Predicting Personality from Somatotype


There are plenty of words that describe personality.  The problem is finding the right words.  After answering questions on a personality test, people have the expectation of more than a report on their scores for the various traits.  People want a description of their personality and generally prefer a long and complimentary report.  You may have noticed the similarity between horoscopes and personality type descriptions.  You might just as well call these reports “persona-scopes”.  If this were just a pastime or party game there would be no damage.  The problem is that these instruments are used in selecting personnel to hire and promote.

The purpose of this section is to present a limited typology based on just a few words.  The words used to describe the purpose and activity of each system ought to be based on the function the system performs for the organism.  The objective is to choose a few simple words that come as close as possible to expressing the various functions and at the same time carry very little residue suggesting some other function.  This is not easy. Words have a life (etymology) of their own and they have associated meanings to each individual person. So this is an ongoing project.  To achieve improved clarity there may be changes in the words that are used. Let’s now examine these words to see if the choices are adequate. First we will go through this process for each of the four essential organismic systems.  Next, we will try to build a robust system for describing the interaction of these systems depending on their rank order.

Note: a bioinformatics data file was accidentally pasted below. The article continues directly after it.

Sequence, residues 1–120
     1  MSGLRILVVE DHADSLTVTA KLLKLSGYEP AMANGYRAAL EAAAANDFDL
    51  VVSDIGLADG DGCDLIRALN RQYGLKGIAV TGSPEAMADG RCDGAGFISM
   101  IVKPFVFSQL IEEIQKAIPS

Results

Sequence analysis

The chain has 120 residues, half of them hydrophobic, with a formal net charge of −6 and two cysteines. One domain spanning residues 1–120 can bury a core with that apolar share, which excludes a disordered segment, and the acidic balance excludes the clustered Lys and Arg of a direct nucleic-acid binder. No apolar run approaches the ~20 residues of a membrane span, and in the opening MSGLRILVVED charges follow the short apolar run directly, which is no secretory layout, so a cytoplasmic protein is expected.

The visceral system is a set of organs that contact the environment and absorb chemicals that can be incorporated into the organism.  It is something like a marine sponge.  A sponge is an example of an animal that is primarily a gut undulating with the motion of the water.  Although compact, a sponge has an enormous surface capable of absorbing nutrients from its environment.  Compare this to the intestines.  If you were to completely flatten the villi and folds of the intestines you would have an absorbing surface slightly larger than a tennis court.  How’s that for an absorbing surface!  Aren’t you glad it’s folded up discretely in your abdominal area? Assimilation means to make something part of a whole, that is, to form a UNITY.  This is mostly a passive process that should not be confused with the aggressive or muscular activity of biting and chewing that gets the food into the digestive tract.  Once the food is masticated and passed into the gullet the process becomes a slow squeezing of the slurry through the digestive tube.  Time takes over the process.  You can’t force digestion.  You have to wait.  In fact, too much activity interferes with digestion.